April 27th, 2007

Crowley claims Behemoth!

Congratulations to John Crowley, who has been awarded the first Bulgakov Award by the Ukrainian Science Fiction and Fantasy Conference!  Behemoth, of course, is the imperturbably murderous black cat from Mikhail Bulgakov's anarchic masterpiece, The Master and Margarita (which I've only just finished for the first time -- why did I wait so long?).


  More on this honor, and some great photographs (just scroll down through the comments) on John's blog, Little and Big.















  • Current Music
    Wasted Away Again in Margaritaville

Once Were Movies

Once were a director by the name of Lee Tamahori, who made a movie, a very good movie, entitled =Once Were Warriors=, a powerful character study of a deracinated Maori family in the dead-end slums of Aukland.  But that was a long, long time ago, back before he moved from New Zealand to Hollywood, started hanging out at LA fetish clubs, and began churning out pictures like =XXX:  State of the Union=, =Die Another Day=, and =Along Came A Spider=.  Now Tamahori has turned his deracinated talent to a Phillip K. Dick property, =The Golden Man=, a film that has been entitled (exemplifying the fund of imagination that studios employ in such matters) =Next=.  Imagine that title spoken by a harried counter clerk at Burger Death, his face covered by a film of grease that nourishes a fresh crop of acne, and you will have some idea of how the quirky Dickian notions of free will, perception, and the nature of reality have been handled in the film.  But enough has been said about Hollywood’s bowdlerization of Dick, the neutering of everything vital in his work in the service of creating high concept-driven action pictures; so let’s skate past that topic and go right to the heart of the matter.
     Whereas Dick’s original story dealt with a golden-skinned mutant and a government paranoid about his pre-cog abilities, =Next= tells the story of Chris Johnson (Nicholas Cage), a man who’s earning a marginal living as small-time gambler and a magician with a Vegas lounge act, aided in these pursuits by his ability to see two minutes into his future.  Into his nebbish life comes FBI Agent Callie Ferris, played by Julianne Moore, a fine actress who here seems to be taking on a role that Joan Allen rejected and not relishing it at all.  She’s desperate to have Johnson’s help in tracking a gang of Eurotrash terrorists who’ve stolen a ten-kiloton nuke and are determined to blow up LA, an idea I came to have a certain empathy with during the movie.  Why they want to do this is unclear, as is why Agent Ferris thinks Johnson can help (I mean, you can’t do that much in the way of stopping nuclear explosions in two minutes), as is how she found out about him…as is damn near everything else in the picture.  Jessica Biel is along for the ride as Liz, who teaches Native American kids on the reservation and whom Johnson has seen in a vision and believes is key to his future.  With her by his side, he can see more than two minutes into the future, a whole lot more, and this allows for a plot twist so outrageously clichéd that it almost works…but nothing really works in this movie.  It’s basically a chase scene strung together with chunks of exposition and a sliver of love scene during which Cage stares at Biel like an addled goat wearing Tom Hanks’ hairdo from =The Da Vinci Code=.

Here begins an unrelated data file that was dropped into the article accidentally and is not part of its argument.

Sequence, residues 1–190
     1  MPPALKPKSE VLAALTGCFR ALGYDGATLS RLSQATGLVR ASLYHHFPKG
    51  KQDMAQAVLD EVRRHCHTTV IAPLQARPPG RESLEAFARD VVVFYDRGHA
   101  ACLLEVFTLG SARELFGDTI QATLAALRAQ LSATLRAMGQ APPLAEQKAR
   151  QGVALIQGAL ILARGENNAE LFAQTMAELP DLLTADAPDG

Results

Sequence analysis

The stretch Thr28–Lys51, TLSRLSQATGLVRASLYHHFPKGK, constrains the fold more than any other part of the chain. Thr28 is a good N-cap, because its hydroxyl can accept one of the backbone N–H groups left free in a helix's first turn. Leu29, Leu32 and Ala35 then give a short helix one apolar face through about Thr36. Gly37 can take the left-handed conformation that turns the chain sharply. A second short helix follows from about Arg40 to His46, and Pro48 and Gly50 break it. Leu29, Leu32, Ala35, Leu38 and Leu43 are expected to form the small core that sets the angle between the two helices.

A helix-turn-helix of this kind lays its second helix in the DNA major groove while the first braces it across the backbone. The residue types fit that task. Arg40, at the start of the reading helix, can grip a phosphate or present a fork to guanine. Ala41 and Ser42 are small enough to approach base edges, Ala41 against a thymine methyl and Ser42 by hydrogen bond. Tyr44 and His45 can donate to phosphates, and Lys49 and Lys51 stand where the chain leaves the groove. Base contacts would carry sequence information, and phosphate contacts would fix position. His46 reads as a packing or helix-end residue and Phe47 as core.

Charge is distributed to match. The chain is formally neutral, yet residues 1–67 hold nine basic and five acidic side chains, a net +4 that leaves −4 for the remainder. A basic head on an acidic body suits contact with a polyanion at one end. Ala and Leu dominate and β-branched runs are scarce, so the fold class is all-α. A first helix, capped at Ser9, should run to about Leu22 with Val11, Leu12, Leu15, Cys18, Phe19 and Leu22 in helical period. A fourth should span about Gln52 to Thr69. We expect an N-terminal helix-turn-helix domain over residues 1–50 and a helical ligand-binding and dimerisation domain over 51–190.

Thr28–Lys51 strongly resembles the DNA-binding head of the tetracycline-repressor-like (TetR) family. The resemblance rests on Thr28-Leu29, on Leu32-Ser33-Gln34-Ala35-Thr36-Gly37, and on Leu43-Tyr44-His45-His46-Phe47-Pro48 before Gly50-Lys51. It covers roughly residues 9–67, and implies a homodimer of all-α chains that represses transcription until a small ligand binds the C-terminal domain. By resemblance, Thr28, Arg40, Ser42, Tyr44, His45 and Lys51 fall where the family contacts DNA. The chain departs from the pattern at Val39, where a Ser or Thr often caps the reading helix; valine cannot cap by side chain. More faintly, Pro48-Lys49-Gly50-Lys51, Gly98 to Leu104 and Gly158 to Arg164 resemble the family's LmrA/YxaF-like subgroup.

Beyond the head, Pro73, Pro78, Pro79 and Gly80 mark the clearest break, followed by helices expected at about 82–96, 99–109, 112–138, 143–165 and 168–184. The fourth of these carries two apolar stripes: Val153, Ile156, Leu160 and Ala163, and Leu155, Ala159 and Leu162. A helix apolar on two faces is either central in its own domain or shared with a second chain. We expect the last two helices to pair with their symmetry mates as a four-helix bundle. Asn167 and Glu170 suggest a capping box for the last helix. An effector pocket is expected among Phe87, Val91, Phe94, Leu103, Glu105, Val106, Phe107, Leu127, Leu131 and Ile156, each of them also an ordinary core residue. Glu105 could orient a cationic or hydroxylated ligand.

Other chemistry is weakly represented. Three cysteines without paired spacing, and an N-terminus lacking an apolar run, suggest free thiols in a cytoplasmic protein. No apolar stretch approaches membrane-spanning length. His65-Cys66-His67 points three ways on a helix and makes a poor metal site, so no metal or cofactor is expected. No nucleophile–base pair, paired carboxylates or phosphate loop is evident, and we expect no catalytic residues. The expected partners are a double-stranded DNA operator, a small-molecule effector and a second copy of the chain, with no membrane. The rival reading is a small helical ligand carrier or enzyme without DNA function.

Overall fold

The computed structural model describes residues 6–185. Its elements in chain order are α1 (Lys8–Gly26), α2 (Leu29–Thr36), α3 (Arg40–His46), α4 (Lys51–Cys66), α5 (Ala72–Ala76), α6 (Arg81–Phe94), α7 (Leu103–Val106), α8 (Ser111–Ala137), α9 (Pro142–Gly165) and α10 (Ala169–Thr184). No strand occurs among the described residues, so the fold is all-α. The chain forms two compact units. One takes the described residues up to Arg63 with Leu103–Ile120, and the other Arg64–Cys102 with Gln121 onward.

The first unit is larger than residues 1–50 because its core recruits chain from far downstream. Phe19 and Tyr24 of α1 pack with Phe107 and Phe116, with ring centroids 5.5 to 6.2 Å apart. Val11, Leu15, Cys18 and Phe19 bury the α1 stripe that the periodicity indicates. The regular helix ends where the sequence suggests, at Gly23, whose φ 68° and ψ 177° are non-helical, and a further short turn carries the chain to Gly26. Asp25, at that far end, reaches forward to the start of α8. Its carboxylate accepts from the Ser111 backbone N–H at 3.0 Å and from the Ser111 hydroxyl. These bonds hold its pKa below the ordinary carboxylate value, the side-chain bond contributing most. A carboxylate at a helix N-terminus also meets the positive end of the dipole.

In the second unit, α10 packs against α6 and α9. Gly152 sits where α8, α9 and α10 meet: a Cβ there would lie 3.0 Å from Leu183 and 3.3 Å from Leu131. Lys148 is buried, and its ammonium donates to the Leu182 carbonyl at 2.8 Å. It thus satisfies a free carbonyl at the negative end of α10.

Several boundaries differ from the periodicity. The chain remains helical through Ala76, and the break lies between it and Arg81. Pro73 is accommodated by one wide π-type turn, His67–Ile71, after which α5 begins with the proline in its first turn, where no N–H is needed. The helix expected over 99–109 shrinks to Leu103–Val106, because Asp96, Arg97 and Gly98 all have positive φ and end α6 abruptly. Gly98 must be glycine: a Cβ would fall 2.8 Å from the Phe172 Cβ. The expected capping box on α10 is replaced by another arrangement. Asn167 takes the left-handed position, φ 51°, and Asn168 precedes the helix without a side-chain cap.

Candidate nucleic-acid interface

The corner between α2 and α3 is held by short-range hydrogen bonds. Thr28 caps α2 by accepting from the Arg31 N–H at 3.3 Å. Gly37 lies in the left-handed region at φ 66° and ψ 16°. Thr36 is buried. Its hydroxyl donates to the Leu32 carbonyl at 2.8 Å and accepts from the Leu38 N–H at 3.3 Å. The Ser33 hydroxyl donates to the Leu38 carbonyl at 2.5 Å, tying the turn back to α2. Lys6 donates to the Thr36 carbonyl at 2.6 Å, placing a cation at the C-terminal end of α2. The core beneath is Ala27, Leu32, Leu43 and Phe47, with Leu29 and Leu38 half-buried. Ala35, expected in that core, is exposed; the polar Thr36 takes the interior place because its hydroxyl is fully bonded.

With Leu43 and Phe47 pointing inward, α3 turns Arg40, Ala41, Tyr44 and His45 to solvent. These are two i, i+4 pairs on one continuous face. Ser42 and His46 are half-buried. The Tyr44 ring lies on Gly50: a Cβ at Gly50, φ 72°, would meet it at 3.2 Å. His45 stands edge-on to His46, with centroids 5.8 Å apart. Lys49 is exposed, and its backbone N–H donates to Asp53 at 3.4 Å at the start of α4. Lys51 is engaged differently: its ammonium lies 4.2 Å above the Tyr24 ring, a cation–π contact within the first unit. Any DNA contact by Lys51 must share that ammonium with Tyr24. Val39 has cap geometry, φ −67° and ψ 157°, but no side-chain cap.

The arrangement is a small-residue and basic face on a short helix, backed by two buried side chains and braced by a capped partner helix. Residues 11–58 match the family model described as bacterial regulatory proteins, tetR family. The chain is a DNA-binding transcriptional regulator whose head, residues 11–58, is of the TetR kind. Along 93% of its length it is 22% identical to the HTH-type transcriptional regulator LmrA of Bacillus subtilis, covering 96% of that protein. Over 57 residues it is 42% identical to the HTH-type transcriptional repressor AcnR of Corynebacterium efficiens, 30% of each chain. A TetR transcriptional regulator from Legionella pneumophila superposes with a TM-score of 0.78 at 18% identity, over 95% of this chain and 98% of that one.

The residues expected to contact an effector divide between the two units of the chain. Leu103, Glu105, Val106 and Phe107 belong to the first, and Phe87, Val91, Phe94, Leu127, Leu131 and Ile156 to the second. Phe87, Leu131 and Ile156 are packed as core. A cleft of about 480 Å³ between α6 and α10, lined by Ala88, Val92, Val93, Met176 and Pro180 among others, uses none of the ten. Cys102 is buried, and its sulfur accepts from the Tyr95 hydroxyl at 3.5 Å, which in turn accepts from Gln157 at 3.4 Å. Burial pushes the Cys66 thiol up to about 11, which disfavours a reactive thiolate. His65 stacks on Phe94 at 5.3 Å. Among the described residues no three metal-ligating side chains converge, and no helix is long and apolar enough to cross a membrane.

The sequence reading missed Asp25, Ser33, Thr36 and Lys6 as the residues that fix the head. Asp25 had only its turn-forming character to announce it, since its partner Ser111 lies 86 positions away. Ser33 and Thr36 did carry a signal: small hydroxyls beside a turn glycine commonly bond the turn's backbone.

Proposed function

Cage is on quite a roll quality-wise with his last few pictures.  First there was =The Wicker Man=, a film that surely will go down as a classic of unintentional humor (Cage in a bear suit, Ellen Burstyn as a bee-woman).  And then there was =Ghost Rider=.  When that icon of the sinister and the macabre, Peter Fonda, plays the Devil, you know a movie is in trouble.  It is jaw-droppingly horrid.  Cage does an Elvis impression for half his screen time, and wears a flaming skull for the other half.  The skull is by far the better actor.  I fantasized about taking the audience hostage, subjecting them to a course in Godard-style guerrilla cinema, and sending the best students on a suicide mission to Studio City.  =Next= falls somewhere between the two…and can’t get up.  It’s substanceless, flat, and totally uninvolving.
          Afterward, I went to see Hot Fuzz, partially as an antidote.  I'm happy to say that it worked.